Many have seen the viral video of “Corn Kid” sharing all of the reasons he loves corn. Here at Seward Co-op, we agree with all of his reasons and more for appreciating the delicious and versatile vegetable and grain.
Corn was originally known as maize and was domesticated in Southern Mexico, and it has become a food staple for people all over the world. It can be used for animal feed, fuel, distilled into alcohol, and its starch and sugars can be used in cooking. Corn also has cultural significance to indigenous people in Mexico and the United States today.
Past and Present Indigenous Significance
Around 10,000 years ago, corn’s early form was called “teosinte,” a wild grass that translated to “grain of the gods.” There were gods and goddesses in pre-Colonial Mexican culture that were among the most important deities to the Aztecs, Mayans, and others. Since domestication, corn has shown it is still king in Mexico. It is eaten in many ways, from tortillas to masa for tamales and sopes, to elotes, and hot, sweet drinks like atole and champurrado.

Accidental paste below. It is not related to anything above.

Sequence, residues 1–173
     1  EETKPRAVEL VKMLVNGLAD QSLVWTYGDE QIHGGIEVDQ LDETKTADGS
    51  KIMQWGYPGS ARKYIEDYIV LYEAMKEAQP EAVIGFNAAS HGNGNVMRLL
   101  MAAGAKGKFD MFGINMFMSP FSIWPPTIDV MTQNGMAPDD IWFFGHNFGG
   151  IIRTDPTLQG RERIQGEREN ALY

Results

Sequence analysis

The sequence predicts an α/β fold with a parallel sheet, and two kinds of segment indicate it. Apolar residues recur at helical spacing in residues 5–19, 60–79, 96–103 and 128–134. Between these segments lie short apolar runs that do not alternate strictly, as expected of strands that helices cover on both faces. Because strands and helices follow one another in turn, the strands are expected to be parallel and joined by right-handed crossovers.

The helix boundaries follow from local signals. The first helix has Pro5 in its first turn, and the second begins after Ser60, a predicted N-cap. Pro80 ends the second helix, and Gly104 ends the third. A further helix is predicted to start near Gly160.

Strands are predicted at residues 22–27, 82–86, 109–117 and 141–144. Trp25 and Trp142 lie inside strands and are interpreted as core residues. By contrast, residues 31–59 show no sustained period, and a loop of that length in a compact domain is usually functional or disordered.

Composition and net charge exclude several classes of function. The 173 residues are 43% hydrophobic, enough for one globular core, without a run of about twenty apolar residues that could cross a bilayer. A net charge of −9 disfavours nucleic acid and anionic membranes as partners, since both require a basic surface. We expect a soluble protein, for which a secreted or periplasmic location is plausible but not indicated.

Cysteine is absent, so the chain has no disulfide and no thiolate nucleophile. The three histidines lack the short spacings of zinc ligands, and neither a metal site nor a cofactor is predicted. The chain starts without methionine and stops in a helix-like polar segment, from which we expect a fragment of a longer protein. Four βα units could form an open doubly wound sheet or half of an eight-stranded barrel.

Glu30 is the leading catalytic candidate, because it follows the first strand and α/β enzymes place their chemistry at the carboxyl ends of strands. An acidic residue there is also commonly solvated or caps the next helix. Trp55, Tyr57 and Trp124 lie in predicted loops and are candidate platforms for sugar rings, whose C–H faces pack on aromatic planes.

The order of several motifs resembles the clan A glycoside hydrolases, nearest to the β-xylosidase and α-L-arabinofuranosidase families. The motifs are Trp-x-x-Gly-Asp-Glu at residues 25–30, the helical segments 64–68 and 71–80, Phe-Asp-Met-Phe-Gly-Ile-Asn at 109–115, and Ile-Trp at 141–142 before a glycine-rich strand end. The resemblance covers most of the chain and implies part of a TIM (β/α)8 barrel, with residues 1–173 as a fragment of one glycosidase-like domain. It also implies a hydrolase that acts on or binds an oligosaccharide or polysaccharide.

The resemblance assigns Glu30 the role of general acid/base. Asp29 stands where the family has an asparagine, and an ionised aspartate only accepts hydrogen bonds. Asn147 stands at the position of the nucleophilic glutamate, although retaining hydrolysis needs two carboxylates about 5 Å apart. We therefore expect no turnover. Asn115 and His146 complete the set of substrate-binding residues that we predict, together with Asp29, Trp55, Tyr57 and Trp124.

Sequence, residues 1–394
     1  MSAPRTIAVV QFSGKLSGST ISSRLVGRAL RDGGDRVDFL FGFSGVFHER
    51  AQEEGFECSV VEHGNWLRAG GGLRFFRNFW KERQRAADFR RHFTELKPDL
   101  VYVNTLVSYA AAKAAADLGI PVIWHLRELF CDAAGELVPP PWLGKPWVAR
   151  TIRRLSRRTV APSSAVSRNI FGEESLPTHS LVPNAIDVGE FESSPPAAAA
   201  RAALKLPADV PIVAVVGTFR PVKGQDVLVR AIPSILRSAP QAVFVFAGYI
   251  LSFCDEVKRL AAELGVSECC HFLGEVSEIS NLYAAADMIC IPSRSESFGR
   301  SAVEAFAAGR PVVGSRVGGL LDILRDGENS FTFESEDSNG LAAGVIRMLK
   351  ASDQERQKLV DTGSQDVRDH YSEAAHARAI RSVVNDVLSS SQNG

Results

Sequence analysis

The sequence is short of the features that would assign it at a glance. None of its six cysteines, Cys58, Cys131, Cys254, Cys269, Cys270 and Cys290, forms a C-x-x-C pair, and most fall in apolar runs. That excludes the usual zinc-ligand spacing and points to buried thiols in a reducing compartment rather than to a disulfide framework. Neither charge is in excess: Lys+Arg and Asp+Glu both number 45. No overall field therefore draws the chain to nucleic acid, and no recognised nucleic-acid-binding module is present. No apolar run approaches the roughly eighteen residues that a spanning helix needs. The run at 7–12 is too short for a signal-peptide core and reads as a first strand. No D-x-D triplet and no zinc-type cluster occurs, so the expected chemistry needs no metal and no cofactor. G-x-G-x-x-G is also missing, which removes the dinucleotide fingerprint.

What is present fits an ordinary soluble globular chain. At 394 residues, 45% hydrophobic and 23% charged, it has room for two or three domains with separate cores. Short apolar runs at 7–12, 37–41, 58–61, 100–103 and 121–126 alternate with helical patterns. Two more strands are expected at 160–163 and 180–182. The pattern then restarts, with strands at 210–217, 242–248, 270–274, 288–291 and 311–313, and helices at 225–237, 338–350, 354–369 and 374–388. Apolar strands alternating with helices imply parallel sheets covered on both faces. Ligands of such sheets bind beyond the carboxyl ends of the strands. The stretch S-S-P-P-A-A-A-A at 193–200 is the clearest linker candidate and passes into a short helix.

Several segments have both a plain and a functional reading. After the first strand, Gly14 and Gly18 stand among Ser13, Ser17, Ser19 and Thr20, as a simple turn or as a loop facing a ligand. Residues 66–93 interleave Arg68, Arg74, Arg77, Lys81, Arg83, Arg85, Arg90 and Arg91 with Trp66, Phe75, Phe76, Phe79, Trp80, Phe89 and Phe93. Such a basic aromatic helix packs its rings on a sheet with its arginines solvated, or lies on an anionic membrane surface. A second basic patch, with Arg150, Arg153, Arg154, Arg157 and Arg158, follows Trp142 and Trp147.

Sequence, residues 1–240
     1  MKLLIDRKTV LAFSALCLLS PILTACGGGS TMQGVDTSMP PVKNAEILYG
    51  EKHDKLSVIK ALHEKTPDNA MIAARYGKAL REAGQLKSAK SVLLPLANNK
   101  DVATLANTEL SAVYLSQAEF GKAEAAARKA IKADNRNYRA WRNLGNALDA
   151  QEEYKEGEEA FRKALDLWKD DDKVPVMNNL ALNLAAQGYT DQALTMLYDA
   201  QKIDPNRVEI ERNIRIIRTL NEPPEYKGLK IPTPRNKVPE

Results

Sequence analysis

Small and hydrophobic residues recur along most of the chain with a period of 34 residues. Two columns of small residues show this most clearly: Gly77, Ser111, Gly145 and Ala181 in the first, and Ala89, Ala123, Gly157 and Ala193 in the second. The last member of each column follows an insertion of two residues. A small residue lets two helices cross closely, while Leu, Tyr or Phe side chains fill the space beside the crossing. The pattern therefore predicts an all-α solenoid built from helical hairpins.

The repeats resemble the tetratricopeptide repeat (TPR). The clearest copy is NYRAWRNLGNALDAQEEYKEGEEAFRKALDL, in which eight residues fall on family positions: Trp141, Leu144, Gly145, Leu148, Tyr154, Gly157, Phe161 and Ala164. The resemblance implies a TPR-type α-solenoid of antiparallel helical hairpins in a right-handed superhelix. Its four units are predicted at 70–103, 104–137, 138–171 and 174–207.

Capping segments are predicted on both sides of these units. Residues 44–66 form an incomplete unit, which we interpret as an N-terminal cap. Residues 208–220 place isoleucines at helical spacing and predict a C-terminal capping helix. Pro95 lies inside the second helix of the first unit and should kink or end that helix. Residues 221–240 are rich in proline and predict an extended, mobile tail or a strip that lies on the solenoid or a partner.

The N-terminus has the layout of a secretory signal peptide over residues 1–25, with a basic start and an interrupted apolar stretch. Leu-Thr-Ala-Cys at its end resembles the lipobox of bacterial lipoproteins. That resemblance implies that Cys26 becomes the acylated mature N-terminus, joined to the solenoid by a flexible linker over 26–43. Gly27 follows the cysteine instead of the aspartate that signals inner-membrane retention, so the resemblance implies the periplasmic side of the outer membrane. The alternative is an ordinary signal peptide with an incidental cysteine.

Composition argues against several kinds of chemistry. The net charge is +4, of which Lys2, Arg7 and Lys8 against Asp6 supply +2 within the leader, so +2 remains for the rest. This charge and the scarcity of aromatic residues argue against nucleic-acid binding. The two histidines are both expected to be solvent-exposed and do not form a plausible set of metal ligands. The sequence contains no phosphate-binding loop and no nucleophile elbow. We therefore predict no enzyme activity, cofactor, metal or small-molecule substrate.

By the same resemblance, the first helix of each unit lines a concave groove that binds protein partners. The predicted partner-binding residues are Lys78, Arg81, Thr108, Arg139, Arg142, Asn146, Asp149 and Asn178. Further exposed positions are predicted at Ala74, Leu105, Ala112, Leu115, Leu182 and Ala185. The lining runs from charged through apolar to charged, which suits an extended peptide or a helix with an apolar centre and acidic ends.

In the United States, many Indigenous nations worshipped for bountiful corn harvests. The domestication of corn also allowed some to put down roots and shift from a nomadic lifestyle to one that was more farming-based. There are many oral legends passed down about corn from Indigenous nations, and it plays a cultural and spiritual role as much as providing sustenance.